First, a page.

More important, Coyne doesn’t seem to grasp the tradition he would be joining if his McMullen campaign were successful, though Coyne nods to the importance of academic freedom. As I detail in my upcoming book, conservatives have conducted similar campaigns against leftist professors for decades. I doubt Professor Coyne wants to open up universities to allegations and investigations of ideologically suspicious professors.
In 1941, for example, a group of conservative leaders from the American Legion and the Advertising Federation of America teamed up to encourage Coyne-like investigations of college professors. Their main target was Professor Harold Rugg of Teachers College, Columbia University.
As the Guardians of American Education, they investigated Rugg’s teaching. They polled students and obtained copies of syllabi and course descriptions. One of Rugg’s courses, they alleged, featured what they called the “denial of certain natural and inalienable rights of man.” They gave specific examples of the way Rugg used his position as a professor to proselytize. On page 59 of Rugg’s syllabus for a course in Educational Foundations, for instance, Rugg pushed students to “admit the far too rottenness in our social, political, and financial life.”
Is this the sort of club Professor Coyne wants to join? In his earlier campaign against Eric Hedin at Ball State, Coyne alienated allies such as PZ Myers and Larry Moran. Both Moran and Myers thought that Coyne had gone too far in ignoring the sometimes-uncomfortable need to respect academic freedom. And that case was stronger than this one, since Hedin was teaching intelligent design as if it were mainstream science.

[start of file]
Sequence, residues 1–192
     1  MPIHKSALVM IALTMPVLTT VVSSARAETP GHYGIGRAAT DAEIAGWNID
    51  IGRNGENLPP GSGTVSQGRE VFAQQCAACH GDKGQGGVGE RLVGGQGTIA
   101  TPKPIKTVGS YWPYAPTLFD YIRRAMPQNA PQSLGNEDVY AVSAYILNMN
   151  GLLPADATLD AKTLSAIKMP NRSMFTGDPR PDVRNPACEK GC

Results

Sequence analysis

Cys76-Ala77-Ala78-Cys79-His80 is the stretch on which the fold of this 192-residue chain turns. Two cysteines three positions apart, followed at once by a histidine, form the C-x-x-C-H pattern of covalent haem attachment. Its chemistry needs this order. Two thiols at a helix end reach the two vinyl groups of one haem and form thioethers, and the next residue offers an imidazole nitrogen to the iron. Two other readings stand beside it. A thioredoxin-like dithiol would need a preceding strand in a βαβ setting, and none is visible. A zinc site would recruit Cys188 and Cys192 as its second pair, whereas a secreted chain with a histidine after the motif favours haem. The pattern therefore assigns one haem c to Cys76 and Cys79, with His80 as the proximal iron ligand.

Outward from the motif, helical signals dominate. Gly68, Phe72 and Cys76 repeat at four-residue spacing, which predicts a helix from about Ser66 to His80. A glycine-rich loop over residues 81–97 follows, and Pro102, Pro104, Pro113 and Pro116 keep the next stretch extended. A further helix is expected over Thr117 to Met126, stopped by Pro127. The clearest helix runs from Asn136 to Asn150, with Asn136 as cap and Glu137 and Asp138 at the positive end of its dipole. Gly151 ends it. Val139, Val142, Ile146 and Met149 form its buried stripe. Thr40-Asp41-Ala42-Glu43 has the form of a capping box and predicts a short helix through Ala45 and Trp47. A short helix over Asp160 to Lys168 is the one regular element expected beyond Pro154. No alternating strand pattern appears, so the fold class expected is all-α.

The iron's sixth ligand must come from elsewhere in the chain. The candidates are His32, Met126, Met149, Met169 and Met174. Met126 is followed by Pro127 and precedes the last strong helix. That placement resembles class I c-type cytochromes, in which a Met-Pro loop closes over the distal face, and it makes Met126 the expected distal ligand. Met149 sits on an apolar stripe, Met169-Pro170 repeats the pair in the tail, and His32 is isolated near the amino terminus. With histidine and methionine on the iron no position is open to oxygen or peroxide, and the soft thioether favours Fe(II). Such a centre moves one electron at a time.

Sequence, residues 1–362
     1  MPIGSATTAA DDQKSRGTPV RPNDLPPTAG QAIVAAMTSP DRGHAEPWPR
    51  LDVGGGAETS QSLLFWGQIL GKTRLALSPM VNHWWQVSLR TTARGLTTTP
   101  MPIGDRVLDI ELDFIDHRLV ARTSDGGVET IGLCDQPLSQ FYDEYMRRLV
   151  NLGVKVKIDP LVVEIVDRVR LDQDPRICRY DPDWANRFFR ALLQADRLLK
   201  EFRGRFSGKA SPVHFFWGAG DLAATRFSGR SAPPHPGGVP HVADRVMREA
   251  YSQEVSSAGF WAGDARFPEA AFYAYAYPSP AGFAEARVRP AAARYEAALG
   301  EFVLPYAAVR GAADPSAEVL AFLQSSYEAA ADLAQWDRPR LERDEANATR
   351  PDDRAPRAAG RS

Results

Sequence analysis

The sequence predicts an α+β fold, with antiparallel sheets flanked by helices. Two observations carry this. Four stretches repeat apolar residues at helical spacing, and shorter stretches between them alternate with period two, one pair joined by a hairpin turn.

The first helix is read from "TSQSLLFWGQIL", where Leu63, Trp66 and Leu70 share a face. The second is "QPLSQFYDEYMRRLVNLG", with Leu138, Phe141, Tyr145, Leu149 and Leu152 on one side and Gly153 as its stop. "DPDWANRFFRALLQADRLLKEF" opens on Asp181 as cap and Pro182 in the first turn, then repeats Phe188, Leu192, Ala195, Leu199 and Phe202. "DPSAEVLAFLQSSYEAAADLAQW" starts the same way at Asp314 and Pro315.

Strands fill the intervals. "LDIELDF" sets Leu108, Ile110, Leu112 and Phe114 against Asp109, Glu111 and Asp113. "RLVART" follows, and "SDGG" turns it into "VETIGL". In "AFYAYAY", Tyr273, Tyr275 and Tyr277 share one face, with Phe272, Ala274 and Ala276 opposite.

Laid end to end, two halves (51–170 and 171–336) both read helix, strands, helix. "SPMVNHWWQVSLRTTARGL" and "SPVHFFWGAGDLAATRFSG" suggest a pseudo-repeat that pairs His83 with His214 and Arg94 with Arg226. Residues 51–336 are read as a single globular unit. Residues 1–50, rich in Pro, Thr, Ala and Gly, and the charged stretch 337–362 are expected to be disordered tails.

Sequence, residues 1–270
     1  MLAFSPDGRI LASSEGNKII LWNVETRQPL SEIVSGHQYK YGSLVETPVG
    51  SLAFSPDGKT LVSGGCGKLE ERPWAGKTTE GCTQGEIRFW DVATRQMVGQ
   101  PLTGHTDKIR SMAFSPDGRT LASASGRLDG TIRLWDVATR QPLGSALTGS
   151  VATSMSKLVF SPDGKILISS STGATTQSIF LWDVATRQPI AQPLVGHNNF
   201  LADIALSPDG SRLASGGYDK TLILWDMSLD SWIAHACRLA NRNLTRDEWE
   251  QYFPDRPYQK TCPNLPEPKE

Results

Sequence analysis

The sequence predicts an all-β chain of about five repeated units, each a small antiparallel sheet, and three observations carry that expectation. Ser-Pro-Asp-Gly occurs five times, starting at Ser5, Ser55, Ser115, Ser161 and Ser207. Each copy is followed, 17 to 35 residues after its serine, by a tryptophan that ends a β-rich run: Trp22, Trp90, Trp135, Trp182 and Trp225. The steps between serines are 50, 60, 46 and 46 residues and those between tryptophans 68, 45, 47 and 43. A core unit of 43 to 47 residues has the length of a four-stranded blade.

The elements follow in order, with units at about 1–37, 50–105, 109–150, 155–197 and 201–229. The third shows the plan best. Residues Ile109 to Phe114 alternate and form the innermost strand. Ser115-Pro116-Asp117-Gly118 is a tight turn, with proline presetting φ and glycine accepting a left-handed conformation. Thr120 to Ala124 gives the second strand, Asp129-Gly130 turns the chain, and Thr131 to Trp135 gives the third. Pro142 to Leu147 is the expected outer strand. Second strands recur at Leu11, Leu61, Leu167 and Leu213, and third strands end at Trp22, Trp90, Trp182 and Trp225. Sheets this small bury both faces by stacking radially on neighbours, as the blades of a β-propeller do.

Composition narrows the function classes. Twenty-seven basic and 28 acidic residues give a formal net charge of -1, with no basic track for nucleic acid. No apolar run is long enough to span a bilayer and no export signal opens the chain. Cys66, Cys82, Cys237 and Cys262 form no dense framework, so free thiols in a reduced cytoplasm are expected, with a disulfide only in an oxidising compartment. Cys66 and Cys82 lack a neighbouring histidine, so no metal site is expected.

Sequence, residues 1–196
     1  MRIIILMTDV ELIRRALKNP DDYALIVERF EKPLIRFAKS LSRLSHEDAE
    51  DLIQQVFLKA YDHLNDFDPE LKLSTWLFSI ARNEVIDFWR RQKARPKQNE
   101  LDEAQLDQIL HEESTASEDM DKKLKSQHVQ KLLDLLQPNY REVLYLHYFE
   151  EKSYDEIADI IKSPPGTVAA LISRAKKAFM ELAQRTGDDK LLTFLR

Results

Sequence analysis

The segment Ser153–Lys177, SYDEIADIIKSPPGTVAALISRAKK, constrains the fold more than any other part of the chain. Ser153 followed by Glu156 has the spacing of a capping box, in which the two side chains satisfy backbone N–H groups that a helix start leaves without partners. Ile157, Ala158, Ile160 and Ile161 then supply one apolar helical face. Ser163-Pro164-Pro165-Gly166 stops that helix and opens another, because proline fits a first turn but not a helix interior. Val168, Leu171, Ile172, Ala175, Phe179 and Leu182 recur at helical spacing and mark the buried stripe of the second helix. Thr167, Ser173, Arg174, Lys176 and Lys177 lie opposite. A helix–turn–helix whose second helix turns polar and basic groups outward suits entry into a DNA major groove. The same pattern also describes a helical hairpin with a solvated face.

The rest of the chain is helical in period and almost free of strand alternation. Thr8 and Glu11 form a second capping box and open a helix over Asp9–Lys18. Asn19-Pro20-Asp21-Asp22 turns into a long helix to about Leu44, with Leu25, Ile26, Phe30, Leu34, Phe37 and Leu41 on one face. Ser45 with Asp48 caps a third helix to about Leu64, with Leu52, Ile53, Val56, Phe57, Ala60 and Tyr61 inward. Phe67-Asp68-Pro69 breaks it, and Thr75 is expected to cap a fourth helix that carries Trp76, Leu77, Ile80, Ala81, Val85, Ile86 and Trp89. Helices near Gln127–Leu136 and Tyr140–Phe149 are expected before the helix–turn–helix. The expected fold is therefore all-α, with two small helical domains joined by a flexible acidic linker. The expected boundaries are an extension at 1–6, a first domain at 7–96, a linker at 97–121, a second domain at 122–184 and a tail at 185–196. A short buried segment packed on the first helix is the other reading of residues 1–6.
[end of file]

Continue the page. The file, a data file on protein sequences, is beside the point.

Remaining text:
So, back to our main question: How far do we want to go to punish professors for their views? What should we do?
The purge is not the right approach. Instead, we should follow the model of Portland parents. When secular parents found out about preaching in an after-school club, they did not shut the club down. They couldn’t. The “Good News Club” had every constitutional right to do what it was doing. But the Portland parents realized that free speech and academic freedom cut both ways. They conducted a campaign to warn their fellow parents about the activities of the Good News Clubs.
That should be our model here. We do not want to slide into witch hunts and creationist-baiting. We do not want to encourage universities to investigate and purge faculty for their beliefs. Instead, we can let students at Georgia Southern know what goes on in McMullen’s classes. The publicity campaign should not be targeted at the administration of Georgia Southern, but rather at its students.
How far do we want to go in purging professors? In this case, Coyne goes too far.